Of “The Valley of Wyoming," No. 232, we must speak in very different terms; although we could wish that many other landscapes occupying prominent positions at the Academy were equal to it. It possesses abundant variety and extent, and is sufficiently green even for the Emerald Isle, but it is too suggestive of the rule and compass. The topography is no doubt very exact; all who have seen the valley would recognise it

on this canvas; but those who have not seen it would be reminded rather of a map than of a real valley.

Portraits always fill a large space in the Academy of Design, and perhaps more on the present occasion than ever. We cannot say, however, that we see any improvement in this department; although we have noted some three or four good specimens. Upon the whole the collection rather reminds us of that passage in one of Juvenal's satires,* in which the Aruspex Unbritius takes leave of the Eternal City, declaring that the only arts encouraged or rewarded there now were flattery and vice.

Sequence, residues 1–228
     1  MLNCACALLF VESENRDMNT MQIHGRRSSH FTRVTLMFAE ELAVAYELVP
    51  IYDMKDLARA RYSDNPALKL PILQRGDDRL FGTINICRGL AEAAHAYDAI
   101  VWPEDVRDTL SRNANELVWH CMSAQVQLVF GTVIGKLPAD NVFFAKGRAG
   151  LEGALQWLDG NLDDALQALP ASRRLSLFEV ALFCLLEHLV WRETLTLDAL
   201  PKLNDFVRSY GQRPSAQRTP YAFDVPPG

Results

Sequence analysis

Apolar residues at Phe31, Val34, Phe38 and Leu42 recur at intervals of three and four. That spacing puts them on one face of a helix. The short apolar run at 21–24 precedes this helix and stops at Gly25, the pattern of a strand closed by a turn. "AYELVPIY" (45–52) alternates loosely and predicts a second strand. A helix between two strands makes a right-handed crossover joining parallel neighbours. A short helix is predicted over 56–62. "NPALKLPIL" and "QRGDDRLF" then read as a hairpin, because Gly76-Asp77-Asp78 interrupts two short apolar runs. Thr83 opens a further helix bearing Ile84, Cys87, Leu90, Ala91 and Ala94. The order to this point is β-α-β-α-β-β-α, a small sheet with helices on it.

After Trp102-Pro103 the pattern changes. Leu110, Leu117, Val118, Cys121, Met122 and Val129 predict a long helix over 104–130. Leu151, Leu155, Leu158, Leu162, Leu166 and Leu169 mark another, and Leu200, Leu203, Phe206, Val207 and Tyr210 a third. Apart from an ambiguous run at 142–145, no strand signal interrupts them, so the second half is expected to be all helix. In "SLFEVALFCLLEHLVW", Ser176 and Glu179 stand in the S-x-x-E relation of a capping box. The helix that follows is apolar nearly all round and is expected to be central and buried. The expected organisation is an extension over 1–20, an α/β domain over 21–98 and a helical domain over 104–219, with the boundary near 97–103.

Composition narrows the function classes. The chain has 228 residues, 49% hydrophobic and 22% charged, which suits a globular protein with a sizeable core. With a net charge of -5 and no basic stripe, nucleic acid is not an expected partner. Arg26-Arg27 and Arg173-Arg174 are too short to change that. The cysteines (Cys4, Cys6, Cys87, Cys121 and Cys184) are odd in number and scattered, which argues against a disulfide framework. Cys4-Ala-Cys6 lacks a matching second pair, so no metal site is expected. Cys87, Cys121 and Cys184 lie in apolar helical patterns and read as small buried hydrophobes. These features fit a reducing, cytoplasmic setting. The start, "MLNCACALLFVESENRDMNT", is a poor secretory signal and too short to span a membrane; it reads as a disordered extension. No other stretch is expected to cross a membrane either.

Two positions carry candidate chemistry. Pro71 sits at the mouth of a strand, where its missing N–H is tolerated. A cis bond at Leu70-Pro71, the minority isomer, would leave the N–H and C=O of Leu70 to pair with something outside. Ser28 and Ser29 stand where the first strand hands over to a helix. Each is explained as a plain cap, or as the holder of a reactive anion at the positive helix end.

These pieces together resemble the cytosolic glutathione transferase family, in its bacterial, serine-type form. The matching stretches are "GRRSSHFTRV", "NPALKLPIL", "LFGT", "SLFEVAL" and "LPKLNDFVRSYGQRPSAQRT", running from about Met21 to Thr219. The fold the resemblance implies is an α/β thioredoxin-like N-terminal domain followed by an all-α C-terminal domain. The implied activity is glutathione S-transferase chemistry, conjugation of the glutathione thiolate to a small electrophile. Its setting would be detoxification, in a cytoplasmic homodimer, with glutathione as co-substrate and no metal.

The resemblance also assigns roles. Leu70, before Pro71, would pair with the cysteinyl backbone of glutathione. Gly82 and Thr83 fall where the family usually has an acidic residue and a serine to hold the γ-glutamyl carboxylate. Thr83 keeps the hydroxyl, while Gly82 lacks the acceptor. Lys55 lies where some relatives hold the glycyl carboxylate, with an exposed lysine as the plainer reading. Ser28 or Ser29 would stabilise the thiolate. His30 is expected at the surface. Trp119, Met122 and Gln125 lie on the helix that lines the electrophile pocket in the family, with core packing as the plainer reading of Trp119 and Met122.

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It would, indeed, seem that the fortune of some of our artists is less to-day than it was yesterday, as the satirist expresses it; for were it otherwise, some of them would hardly choose the subjects they do. It is remarkable that among the several portraits of military men in the present exhibition, there is scarcely one even of the second or third rank, or who has ever been heard of beyond the circle of his own immediate friends. In one instance, we thought we saw at a distance, from the style of features, one of our victorious generals; but a glance at our catalogue informed us that the full length portrait alluded to is that of an officer of one of our militia regiments, who thought it quite far enough to go as far as Washington to the war.